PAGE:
Many of the nearly 80 million baby boomers (many of them have turned 65 this year) and older seniors are exposing their tech naivety on almost a daily basis. I am not saying that this pertains to every senior person, but it certainly does to many. I make my fair share of mistakes too, but I have a group of young techies around me constantly that point out my blunders every chance they get.
I wanted to address these fairly simple errors because if we correct them on a united front, then maybe we can achieve the respect we deserve. As Mashable, one of the best tech blogs, recently pointed out, “As boomers confront old age,” they will certainly defy what we think it means to “get old.” It will challenge us to rethink how we use the web and how we engage older people with newer technologies.
Here is a list of absolute no no’s:
- Do not copy your entire email list in the “To” space. That is what “Bcc” is for. If you are sending out an email to multiple people who do not know each other, you must blind copy. Most people do not want their email exposed to strangers. I recently received an email with Katie Couric, Diane Sawyer and Arianna Huffington copied on it. Do you really think those gals want me to have their email address? Ha! Don’t answer that.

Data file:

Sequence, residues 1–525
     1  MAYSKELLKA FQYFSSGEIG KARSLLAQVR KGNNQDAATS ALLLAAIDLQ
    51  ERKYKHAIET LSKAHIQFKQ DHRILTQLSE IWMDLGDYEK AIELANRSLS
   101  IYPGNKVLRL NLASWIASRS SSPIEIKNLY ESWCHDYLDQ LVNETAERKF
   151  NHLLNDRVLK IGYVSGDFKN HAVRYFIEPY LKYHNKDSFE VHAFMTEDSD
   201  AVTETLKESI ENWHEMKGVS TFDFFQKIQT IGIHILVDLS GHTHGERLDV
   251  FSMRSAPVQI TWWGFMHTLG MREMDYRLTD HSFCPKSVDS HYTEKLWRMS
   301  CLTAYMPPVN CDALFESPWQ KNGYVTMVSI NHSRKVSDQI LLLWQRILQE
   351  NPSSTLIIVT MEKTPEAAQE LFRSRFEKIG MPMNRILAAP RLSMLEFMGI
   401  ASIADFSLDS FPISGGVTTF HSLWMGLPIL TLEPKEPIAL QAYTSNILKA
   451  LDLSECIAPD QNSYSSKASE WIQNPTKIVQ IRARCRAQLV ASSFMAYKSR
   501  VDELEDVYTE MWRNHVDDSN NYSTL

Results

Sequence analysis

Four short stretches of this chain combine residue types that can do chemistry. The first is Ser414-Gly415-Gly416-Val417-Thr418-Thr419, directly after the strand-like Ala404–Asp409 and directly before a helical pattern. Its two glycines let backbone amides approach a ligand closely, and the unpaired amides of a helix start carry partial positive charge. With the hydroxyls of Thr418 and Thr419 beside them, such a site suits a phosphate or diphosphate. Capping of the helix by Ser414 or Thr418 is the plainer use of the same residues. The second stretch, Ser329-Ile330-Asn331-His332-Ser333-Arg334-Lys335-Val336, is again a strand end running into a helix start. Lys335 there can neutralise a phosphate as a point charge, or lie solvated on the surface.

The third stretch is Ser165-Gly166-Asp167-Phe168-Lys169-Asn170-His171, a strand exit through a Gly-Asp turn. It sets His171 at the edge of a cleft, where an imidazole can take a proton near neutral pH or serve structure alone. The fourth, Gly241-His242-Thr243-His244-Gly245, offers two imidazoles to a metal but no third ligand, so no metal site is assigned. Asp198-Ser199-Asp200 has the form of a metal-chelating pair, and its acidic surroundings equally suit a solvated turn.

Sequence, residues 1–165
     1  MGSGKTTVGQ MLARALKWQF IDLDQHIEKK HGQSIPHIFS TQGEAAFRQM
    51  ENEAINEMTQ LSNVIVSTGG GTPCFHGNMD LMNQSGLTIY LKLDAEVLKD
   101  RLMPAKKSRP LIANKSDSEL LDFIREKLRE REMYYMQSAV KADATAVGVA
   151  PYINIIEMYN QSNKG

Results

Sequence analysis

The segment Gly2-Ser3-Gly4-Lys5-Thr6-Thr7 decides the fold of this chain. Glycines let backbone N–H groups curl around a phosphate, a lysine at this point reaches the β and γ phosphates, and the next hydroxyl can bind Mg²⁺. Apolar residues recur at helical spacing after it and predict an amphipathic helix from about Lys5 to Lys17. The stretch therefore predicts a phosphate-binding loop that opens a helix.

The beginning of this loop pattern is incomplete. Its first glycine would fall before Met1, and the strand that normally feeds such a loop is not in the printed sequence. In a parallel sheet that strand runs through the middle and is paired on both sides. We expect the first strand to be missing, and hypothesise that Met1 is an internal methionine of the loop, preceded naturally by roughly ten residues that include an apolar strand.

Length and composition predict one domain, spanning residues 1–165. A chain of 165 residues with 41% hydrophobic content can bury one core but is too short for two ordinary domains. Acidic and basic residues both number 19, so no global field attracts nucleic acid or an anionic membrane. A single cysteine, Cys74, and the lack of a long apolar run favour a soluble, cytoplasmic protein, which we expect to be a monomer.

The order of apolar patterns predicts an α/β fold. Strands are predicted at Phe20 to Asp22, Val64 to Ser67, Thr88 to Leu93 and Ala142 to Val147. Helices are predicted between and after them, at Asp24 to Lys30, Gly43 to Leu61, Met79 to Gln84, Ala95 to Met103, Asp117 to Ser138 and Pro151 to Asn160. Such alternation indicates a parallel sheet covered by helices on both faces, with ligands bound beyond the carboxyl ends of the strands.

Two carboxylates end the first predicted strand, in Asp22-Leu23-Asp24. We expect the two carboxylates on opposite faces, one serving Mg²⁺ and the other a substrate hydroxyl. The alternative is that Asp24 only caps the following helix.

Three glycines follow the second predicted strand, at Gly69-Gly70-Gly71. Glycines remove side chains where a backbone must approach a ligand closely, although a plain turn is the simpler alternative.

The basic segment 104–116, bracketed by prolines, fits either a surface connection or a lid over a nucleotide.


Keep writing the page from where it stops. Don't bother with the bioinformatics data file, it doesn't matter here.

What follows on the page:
- Just because you are retired and have nothing else to do, don’t send out jokes several times a day, every day, with the subject, “I usually don’t send out jokes but this one is really funny.” Chances are someone else sent around those jokes already. I have to clear out my inbox everyday from a certain someone who used to be the CEO of a major company. He sends out about 20 to 30 jokes a day, even on high holy days. I don’t have the heart to tell him to stop because he is such a wonderful guy. I picture him sitting at his computer day and night with his trigger finger ready to go.
- The one that makes you look like you died or just faded away is your Facebook page without your picture. Many seniors want to join the world of social media, but just want to test it. Either you jump in and engage, or delete your account. You look like you are missing in action. Some older people have told me that they only joined so they can follow their grandchildren. Bad move. If they find out that is your main purpose, they know how to de-friend you and you will not know the difference.
- Please don’t tell people you don’t check your emails on a frequent basis even if it is true. You sound like you are telling them you don’t take a shower every day. The Internet is all about instantaneous access. You should be checking your email everyday or several times a day. To those that say “but no one emails me so why should I be checking.” I answer no one is sending you a check everyday, yet you wait for the mailman like it is your last meal.
- When someone sends you and others an email don’t “reply to all” unless your message is that important that others have to see it. There is nothing worse than 10 people saying “You’re welcome” to the same person. I make the same mistake when I get a text from my brother because the multiple names are hidden. My nephew Sam is always looking out for me, letting me know the faux pas I committed. I am much sharper about my responses now.